Half Of All Adults In UK Receive First Dose Of Covid-19 Vaccine

Half of all adults in the UK have received their first dose of Covid-19 vaccine, the latest figures show.

The UK health services vaccinated a total of 26.8 million people between 8 December and 19 March with first doses, while 2.1 million people have had their second dose so far.

The rollout is continuing at pace and the UK is on track to achieve the Prime Minister’s target of offering the vaccine to all over-50s by 15 April, as well as all adults by the end of July.

Health Secretary Matt Hancock said:

“Vaccinating over half of all adults is a phenomenal achievement and is testament to the mammoth efforts of the NHS, GPs, volunteers, local authorities and civil servants in every corner of the UK.

“It shows the strength of the Union and what can be achieved when we work together as one United Kingdom to protect those most at risk. But the job is not done yet.

“During April, we will continue to vaccinate those most at risk and around 12 million people will receive their second doses as well. It is absolutely crucial people come forward as soon as they are eligible. When you get the call, get the jab, because the more people who are vaccinated the safer we will all be.”

The pace of the rollout means even more people will soon develop strong protection from serious illness from Covid-19 infection, saving lives and significantly reducing pressure on the NHS, which supports the Prime Minister’s roadmap to ease lockdown restrictions.

Around 4% of the adult population have had their second doses so far and there will be a strong drive over the coming weeks to vaccinate people with the second jabs within 12 weeks, as well as continuing to vaccinate those in the priority groups with first doses.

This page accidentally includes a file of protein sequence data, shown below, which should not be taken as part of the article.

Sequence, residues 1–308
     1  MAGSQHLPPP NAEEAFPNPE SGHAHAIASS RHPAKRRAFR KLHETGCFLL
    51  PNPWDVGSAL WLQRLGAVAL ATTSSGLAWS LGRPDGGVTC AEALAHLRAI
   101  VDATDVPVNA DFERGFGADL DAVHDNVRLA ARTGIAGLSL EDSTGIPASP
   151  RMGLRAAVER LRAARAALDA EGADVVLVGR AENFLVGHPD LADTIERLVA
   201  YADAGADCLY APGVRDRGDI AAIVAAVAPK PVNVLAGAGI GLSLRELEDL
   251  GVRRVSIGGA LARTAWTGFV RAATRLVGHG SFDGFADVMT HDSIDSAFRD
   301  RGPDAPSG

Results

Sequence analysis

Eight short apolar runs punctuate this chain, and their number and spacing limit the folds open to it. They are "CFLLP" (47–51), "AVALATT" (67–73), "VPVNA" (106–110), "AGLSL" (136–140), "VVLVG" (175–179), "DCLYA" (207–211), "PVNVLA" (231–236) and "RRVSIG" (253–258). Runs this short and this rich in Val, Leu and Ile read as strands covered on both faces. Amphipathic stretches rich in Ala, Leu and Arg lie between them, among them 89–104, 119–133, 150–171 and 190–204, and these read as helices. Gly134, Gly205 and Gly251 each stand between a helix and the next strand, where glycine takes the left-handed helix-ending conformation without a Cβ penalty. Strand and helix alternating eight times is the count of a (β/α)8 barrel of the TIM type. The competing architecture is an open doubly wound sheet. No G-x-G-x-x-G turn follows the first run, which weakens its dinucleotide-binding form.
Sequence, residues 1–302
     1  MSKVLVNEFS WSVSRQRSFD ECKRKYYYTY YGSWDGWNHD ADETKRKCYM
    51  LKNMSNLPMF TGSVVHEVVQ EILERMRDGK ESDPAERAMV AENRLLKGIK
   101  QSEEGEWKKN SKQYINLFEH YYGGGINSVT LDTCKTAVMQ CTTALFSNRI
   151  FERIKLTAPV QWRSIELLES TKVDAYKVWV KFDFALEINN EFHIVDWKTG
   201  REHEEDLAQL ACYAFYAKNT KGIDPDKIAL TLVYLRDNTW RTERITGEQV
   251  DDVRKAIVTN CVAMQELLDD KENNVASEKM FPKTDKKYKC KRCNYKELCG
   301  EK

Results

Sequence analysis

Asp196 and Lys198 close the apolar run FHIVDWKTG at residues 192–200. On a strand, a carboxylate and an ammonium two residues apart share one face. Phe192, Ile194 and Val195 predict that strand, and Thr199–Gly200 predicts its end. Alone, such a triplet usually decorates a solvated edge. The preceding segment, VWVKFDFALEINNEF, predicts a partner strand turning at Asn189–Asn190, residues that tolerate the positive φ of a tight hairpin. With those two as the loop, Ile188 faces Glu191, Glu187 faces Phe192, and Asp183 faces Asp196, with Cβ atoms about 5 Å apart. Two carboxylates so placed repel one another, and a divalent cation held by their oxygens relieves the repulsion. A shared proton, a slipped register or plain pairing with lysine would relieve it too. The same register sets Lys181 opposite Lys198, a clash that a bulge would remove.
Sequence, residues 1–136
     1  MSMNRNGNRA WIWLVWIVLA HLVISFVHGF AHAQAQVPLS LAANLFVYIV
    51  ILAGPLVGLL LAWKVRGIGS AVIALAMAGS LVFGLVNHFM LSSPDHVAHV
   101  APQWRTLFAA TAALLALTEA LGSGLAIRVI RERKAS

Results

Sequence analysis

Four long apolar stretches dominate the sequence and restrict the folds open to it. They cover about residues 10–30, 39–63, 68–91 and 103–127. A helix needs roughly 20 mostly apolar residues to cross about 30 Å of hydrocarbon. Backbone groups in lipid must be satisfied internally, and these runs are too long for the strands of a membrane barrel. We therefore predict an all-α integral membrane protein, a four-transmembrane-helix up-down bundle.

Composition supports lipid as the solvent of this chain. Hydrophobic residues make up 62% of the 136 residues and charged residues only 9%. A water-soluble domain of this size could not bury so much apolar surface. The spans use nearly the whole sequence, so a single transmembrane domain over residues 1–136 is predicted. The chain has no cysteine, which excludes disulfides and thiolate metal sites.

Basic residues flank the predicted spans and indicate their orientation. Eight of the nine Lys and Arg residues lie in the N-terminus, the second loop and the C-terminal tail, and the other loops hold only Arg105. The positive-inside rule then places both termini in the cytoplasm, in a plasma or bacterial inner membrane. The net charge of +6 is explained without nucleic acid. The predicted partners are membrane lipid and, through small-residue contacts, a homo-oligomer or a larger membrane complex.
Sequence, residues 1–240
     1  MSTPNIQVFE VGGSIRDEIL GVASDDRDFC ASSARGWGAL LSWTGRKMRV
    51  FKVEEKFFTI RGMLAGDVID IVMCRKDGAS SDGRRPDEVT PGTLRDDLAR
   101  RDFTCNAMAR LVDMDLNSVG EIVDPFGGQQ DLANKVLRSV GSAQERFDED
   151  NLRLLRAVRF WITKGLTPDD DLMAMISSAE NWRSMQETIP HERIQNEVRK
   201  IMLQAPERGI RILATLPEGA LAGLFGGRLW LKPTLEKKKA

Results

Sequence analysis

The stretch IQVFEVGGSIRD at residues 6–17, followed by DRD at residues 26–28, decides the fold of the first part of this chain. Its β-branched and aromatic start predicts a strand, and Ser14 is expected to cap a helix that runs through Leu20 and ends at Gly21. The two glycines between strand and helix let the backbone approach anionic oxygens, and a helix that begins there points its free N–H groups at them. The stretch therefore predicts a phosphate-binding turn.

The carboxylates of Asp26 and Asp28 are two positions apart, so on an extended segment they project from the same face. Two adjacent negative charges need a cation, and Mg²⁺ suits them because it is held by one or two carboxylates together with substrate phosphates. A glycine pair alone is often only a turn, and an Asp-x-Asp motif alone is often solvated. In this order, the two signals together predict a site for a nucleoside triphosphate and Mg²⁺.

The UK Government’s Vaccine Taskforce secured early access to 457 million doses of the most promising vaccines on behalf of the whole of the UK, Crown Dependencies and Overseas Territories. This allowed a co-ordinated and rapid deployment of vaccines to those most at risk.

Vaccines Minister Nadhim Zahawi said:

“I would like to thank everybody involved in this incredible vaccination programme across the whole of the UK for their tireless dedication to protecting the most vulnerable and saving lives

“This is a momentous occasion and while the vaccines are the best way out of this terrible pandemic, the battle is not yet over.

“We continue to do everything we can to expand the vaccination programme even further and encourage people of all backgrounds and religions to get their jabs when eligible.”

All vaccines being used in the UK have undergone robust clinical trials and have met the Medicines and Healthcare products Regulatory Agency’s strict standards of safety, effectiveness and quality.

The Moderna vaccine has also been approved by the MHRA and will be deployed from the spring. Rolling reviews are also underway by the MHRA to assess the Janssen and Novavax vaccines.